After 2 and bit years working in A&E I'm totally unimpressed by the quality of most nurses working in the NHS and the lack of coherant career structure. Not a ambitious lot are we? Sit on your hands on the same ward for 5 years and get promoted cos everyone else left and or got knocked up. Am I going to find what I'm looking for in the British Army - I'm interested in trauma & critical / pre-hospital care, is this covered by nurses or by CMT's. What's the role of RNO, and specifically in this area. How does your career develop over the rank structure. I'm doing the same job as when I started this 8 years ago and (no offence) I'm sure I can do more than be the Doc's bitch. :sleepy:
Trouble with your plan is that if you join the QAs you will end up at some point working in the NHS as you wont spend your whole military career doing a RNO job.
I realize this but I'm looking at wider possibilities and opportunities than that of the narrow world of the nhs ED nurse - surely it's not just camo bedpans...what role does the RNO perform, what kind of training do they undergo to perform this and what roles do non RNO nurses play in the field. The army seems pretty bad at advertising the whole healthcare side of things, which is surprising since they have such a shortage of them. If's it's just more of the same in a nice uniform I think I'll pass.
Is there a shortage of nurses within the Army? I just heard from a very reliable source that the QARANC is more or less up to manning levels, mainly due to the number of student nurses that the army trained over the last few years. The problem is keeping them in for a length of time.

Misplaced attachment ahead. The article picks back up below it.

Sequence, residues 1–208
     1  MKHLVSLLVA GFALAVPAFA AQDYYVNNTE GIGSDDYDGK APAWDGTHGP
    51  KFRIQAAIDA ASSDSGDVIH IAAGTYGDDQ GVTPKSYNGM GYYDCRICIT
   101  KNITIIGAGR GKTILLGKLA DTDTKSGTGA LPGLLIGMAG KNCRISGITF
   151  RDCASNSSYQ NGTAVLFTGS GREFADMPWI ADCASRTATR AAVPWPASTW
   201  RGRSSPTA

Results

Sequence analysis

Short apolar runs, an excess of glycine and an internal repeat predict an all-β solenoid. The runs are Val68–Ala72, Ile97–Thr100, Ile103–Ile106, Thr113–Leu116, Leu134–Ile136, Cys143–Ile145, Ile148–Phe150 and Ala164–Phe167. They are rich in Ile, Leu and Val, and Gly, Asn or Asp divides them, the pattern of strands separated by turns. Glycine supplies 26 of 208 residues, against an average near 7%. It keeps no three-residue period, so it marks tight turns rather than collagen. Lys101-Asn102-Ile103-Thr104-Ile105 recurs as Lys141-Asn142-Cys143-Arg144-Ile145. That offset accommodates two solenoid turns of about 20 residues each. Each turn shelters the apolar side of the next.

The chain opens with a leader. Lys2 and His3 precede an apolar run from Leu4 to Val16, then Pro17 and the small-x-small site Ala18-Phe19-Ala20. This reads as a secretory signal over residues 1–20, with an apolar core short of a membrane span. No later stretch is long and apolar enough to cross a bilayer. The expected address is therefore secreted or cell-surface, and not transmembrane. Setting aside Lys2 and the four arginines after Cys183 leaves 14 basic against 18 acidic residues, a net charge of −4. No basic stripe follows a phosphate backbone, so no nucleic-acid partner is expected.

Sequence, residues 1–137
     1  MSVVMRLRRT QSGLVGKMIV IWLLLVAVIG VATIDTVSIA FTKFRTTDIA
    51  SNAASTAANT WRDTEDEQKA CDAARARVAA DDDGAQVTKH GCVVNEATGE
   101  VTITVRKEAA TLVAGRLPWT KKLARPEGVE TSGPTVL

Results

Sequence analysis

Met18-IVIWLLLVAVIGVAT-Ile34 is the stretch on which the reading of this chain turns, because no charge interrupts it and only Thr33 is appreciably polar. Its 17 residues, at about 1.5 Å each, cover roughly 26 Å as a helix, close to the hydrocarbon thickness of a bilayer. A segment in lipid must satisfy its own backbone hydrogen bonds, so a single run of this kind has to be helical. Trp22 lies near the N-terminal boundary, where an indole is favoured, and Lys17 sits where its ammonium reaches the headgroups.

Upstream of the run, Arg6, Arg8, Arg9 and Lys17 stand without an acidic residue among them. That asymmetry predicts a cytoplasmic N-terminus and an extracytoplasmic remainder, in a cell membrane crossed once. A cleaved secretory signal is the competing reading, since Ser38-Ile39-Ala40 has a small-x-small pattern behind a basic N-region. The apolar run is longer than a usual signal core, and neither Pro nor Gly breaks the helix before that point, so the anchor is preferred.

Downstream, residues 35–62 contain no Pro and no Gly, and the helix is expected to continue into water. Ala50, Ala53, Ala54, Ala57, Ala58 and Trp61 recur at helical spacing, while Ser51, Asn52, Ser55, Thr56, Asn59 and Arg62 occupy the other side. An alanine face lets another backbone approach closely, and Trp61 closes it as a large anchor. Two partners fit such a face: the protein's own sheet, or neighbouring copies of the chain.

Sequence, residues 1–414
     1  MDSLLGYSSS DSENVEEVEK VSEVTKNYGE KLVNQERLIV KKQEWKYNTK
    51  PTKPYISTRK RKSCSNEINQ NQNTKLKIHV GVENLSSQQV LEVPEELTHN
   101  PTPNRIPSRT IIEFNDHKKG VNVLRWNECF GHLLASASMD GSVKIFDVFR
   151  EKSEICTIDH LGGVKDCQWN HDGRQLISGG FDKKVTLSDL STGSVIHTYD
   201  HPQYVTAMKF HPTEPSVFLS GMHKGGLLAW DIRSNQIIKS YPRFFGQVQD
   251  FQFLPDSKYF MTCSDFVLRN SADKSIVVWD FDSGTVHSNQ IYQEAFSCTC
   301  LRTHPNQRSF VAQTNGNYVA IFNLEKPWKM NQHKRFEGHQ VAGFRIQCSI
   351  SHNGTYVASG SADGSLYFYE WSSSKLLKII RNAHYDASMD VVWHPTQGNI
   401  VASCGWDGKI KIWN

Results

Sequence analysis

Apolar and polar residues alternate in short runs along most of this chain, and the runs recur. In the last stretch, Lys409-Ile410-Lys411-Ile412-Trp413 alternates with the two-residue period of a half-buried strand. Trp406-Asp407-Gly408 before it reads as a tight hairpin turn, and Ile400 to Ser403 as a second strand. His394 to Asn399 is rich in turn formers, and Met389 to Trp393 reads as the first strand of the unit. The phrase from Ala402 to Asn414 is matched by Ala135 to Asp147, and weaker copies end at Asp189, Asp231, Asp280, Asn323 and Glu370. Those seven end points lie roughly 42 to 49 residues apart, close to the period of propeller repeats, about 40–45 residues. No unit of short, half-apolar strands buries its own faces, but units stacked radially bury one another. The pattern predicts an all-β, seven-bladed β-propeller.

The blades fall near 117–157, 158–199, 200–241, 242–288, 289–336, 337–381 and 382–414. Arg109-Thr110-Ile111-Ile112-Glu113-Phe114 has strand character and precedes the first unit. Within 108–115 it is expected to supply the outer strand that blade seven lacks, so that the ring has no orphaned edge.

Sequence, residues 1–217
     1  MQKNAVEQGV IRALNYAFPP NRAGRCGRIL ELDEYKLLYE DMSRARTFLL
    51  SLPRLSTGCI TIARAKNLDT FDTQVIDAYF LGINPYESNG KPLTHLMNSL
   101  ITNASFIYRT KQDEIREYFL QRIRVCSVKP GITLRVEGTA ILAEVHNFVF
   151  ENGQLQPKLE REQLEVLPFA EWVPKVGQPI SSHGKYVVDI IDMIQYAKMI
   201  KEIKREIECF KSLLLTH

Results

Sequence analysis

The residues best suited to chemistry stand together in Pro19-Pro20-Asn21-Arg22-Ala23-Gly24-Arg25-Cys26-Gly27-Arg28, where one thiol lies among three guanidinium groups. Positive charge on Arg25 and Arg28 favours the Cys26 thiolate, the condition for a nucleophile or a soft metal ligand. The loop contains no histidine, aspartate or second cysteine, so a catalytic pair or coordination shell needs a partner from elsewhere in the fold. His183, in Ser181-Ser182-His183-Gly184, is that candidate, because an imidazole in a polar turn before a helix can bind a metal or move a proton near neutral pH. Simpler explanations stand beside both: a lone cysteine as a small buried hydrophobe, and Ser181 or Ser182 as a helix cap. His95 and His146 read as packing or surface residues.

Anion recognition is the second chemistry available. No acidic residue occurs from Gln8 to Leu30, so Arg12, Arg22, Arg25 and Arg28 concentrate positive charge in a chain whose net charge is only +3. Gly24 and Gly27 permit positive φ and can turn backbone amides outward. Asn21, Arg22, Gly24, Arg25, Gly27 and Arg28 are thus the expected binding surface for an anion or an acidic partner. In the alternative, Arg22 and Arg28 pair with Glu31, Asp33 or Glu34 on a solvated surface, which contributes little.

What you need to remember is that there are a lot of nurses already in the Army who want to be RNOs, so you will be up against them for the places on courses. There are several hoops to jump through in order to get on these and other courses while you are in the army.

As for the role and the training there may be a RNO trained QA on here who may post the answers.
I looked at the NAO figures which someone quoted in another thread which showed A&E nurses churning through the system at a pretty quick rate, I assume due the quick rotation onto tours? My own dissatisfaction with the career is from the lack of structure leads to extremely variable quality of the 'leadership'. There seems to be no coherent process to who gets a senior clinical /management job. If it were based on merit then why don't all CNS's posts have a Higher Qualification and national guidelines for a variety of clinical experience? Some of this sounds encouraging, at least there is competition for advancement which inevitably raises the quality, it's not just sit on your arrse, do one ENB course in 10 years and land the sisters post (And do it badly).


See PM

Similar threads

New Posts

Latest Threads